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E-M:/ RE: / Re: Great Lakes Wiki Web site



I went to one of the initial meetings when they were formulating this site and brought another Sierran with me who is working on Great Lakes issues as well.  This was my primary concern as well, but Dave

Poulson seemed to thing this was the wave of the future.  I was concerned because what Scientist would want to submit researched material to have it edited by anyone.  I haven’t been on the site to see any of the exchanges yet because I’ve been computer-less over a week (computer was dropped & destroyed), so maybe Dave has this set up a little differently then Wiki since credibility and accuracy certainly are the issue.  I made the recommendation that to encourage scientists to submit items, it might make sense to leave their work intact and people could comment on it below the article, rather than actually editing the submitted piece and maybe it was set up in that fashion.  

 

Jan O’Connell

 


From: owner-enviro-mich@great-lakes.net [mailto:owner-enviro-mich@great-lakes.net] On Behalf Of Njb586@aol.com
Sent: Wednesday, February 07, 2007 12:20 AM
To: enviro-mich@great-lakes.net
Subject: E-M:/ Re: Great Lakes Wiki Web site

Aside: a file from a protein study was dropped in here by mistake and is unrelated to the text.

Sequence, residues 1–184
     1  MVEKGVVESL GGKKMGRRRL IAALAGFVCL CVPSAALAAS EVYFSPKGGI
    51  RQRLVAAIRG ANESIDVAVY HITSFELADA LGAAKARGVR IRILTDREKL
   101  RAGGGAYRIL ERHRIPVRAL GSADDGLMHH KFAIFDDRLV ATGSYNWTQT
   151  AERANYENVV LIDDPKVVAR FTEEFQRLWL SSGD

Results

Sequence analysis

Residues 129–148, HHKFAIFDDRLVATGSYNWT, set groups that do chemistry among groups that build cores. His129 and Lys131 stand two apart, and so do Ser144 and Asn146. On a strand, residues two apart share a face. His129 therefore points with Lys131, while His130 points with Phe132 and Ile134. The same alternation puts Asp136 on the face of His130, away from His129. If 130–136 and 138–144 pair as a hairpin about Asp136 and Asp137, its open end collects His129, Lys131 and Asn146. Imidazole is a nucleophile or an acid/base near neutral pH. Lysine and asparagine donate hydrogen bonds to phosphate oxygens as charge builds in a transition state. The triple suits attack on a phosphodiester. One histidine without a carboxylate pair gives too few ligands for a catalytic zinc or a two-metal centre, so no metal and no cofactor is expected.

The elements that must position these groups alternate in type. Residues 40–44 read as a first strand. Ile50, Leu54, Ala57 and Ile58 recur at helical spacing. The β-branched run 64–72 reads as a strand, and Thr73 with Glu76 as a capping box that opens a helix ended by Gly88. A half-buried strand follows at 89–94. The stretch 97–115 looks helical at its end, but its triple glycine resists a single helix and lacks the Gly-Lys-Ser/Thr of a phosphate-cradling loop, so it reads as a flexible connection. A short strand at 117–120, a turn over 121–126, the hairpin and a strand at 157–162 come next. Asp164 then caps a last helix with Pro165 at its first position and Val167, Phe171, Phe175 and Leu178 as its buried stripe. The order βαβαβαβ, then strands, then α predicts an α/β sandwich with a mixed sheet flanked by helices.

I was astonished to read the posting about MSU's new Great Lakes Wiki Web site. I'm mystified at how the MSU School of Journalism can develop and promote a program that, as the article states, "allows contributors to post information and commentary without prior editing with regard to fairness or accuracy." Fairness can be debatable, but accuracy? Accuracy should be the gold standard of any journalism project associated with MSU or any other university.
       Worse yet is the pathetic excuse that this is somehow acceptable because "mainstream media outlets are not immune to mistakes or occasionally allowing bias to creep into news stories." I was not aware that MSU condones shoddy journalism and biased reporting. Are these not things we should be trying to fix rather than pass off as part and parcel of the trade? Do we accept "mistakes" that affect the environment or the potential for "mistakes"? No. We demand perfection. The same should be true for a so-called "information" network supported by a college journalism program.
       I'm all for free speech, information sharing and protecting the environment, but I worry the Journalism College has put its reputation at stake with this site. I urge the college to investigate other forms of reporting that do not go against the basic journalism creed of accuracy.